7. What is the relationship between technological intimidation and job satisfaction to teach online courses?
8. What is the relationship between self-efficacy and job satisfaction to teach online courses?
Methods: The design that is appropriate for the collection and analysis of data is a quantitative correlational design. A correlational study is a quantitative method of research where two or more quantitative variables from the same group of participants are analyzed to determine/establish the relationship or co-variation between the variables (Leedy & Ormrod, 2010). The correlational design is an important design because it explores the relationship between variables that may enhance future research and institutional change (Prematunga, 2012). The advantages of a correlational design are the amount of data that can be collected, results are applicable to real life, results may be the foundation or starting point for future studies, and determines the strength or relationship between variables (Neuman & Robson, 2014). The disadvantages of a correlation design are it only explains a relationship and does not explain the why, cannot determine which relationship causes the influence, cannot account for another variable being involved (Neuman & Robson, 2014).
Data Collection: The data collection will be gathered by surveying online faculty at a small private college in New York with a researcher made survey. The population will be the online faculty community. This information will be received from the Director of Online Design and Innovation. Probability sampling will be used to find the sample using systematic sampling. The electronic survey will be sent out with a request to respond within 7 days from receipt. The researcher will import the data into SPSS. The data will be analyzed to insure accuracy and that all questions were answered for each survey. Surveys that are incomplete will be removed from analysis with identified missing data points for summation.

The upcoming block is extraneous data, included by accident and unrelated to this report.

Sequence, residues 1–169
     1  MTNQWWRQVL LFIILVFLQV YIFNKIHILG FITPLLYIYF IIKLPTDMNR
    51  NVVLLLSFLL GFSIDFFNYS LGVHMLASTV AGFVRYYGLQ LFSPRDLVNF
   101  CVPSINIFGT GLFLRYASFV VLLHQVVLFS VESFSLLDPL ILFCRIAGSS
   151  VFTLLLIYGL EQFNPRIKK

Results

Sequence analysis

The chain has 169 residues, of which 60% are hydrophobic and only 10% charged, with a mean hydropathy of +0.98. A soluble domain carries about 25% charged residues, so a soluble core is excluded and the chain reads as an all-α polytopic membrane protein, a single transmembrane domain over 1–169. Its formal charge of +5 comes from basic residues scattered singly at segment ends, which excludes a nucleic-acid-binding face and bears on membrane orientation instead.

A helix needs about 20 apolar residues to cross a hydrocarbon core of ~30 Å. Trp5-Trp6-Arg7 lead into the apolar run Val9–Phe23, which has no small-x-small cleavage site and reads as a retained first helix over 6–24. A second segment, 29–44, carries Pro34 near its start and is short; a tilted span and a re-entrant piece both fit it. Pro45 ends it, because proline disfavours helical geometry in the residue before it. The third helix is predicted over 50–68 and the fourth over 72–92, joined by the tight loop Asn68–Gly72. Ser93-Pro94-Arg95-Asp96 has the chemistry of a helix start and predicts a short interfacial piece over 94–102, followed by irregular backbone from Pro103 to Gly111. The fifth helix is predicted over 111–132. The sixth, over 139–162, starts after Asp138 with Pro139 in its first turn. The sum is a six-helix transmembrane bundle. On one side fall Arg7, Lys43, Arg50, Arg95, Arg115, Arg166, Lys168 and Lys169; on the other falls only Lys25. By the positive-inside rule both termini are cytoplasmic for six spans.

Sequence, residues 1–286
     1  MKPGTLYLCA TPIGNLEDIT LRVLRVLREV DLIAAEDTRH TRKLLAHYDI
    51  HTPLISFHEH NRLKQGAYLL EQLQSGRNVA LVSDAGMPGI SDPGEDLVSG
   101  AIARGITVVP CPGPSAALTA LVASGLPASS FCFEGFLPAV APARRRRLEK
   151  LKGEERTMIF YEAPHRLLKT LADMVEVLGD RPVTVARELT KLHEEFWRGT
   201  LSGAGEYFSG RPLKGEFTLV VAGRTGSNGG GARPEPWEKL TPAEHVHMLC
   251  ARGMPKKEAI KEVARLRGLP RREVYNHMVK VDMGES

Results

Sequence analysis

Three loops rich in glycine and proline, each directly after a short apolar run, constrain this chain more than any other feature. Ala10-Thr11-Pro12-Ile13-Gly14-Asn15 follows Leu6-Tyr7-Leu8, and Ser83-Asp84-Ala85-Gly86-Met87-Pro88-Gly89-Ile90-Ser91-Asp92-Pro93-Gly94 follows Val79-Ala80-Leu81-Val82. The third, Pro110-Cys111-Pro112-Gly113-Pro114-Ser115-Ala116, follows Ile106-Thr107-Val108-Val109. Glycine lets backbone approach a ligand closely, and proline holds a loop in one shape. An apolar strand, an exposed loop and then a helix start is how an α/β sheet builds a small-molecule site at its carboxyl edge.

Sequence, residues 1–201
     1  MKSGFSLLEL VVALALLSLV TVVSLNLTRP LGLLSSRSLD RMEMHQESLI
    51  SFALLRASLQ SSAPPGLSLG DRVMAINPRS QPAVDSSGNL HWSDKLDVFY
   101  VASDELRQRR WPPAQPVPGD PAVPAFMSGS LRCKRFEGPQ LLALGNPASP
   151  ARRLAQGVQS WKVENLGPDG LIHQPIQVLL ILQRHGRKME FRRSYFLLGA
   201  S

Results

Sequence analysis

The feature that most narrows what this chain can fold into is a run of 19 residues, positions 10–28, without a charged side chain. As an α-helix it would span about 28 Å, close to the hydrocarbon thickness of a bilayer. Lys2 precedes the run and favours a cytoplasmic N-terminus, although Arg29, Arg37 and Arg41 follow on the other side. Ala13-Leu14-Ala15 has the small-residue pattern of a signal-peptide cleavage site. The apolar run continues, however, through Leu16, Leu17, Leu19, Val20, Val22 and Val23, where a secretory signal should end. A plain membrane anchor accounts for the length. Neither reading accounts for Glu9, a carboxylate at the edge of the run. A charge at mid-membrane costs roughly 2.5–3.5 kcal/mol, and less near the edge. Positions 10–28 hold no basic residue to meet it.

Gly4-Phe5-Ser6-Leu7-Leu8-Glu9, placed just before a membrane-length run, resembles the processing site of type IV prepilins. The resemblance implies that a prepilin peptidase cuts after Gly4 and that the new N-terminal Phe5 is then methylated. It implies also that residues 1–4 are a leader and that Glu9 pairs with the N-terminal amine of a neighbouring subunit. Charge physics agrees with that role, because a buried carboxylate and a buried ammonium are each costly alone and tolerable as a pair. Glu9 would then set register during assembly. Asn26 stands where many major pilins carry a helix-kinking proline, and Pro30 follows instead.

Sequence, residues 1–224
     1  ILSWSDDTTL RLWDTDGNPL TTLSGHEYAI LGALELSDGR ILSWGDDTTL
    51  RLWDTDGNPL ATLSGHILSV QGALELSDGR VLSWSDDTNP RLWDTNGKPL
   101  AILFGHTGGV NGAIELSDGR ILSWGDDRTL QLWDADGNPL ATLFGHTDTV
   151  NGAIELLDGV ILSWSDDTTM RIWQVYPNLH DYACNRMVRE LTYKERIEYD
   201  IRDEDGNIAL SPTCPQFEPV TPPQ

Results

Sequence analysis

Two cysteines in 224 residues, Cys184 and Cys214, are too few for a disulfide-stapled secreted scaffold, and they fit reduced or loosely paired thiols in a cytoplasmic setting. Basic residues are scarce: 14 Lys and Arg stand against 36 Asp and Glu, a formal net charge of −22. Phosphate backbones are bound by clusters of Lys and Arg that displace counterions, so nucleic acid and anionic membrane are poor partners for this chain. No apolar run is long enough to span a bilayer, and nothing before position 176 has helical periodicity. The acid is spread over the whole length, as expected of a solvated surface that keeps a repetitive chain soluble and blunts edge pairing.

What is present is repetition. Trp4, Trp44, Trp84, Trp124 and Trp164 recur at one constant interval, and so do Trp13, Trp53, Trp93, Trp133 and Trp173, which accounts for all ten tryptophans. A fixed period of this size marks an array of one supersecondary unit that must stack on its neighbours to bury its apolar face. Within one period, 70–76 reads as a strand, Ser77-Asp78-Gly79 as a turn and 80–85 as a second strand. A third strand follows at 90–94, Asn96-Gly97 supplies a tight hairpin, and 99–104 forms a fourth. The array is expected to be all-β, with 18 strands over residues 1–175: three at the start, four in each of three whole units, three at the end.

Data Analysis and Future Results (will be completed in Summer 2018): The data analysis will start with importing the data into SPSS. The likert scale data will be analyzed using the mean, standard deviation, Spearman rank-order correlation coefficient (Spearman’s correlation), t-test and regression. The mean and standard deviation will be calculated for each question. The top 10 and last 10 will be listed with this statistic. The relationships between the variables in a scatterplot will be shown to see a monotonic relationship. If it is monotonic then the Spearman’s correlations will be calculated in this survey and research. The t-test will be used to compare two averages and show the averages are statistically different.
Conclusion/Outline of the Study to Present:
1. Review the literature concerning faculty engagement, job satisfaction, and motivation.
2. Conduct a survey of online faculty regarding engagement and satisfaction, their relation to personal constructs in regard to teaching online, at a four-year private college in central New York State.
3. Compile and analyze the data from the online faculty survey using Google forms and SPSS.
4. Write the results of the descriptive statistics.
5. Summarize the results with a conclusion, limitations and implications for future research to help future stakeholders like administrators, faculty, technologist, and instructional designers.